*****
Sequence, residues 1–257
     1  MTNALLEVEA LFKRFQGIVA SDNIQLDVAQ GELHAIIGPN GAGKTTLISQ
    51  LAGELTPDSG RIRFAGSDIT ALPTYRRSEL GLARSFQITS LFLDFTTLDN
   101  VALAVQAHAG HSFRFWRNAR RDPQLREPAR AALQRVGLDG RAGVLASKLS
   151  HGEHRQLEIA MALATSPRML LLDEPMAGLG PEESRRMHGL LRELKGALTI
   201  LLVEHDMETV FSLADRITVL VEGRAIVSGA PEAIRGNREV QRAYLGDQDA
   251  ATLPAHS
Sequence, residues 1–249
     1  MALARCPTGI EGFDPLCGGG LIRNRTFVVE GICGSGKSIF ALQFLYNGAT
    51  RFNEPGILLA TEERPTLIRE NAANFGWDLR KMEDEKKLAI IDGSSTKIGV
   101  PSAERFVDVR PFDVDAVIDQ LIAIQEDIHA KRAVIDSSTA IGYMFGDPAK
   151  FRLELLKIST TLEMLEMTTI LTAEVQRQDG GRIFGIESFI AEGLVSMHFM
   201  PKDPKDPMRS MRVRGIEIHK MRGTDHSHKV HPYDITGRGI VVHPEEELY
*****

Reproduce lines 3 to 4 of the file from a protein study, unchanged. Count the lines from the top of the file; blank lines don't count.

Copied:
    51  LAGELTPDSG RIRFAGSDIT ALPTYRRSEL GLARSFQITS LFLDFTTLDN
   101  VALAVQAHAG HSFRFWRNAR RDPQLREPAR AALQRVGLDG RAGVLASKLS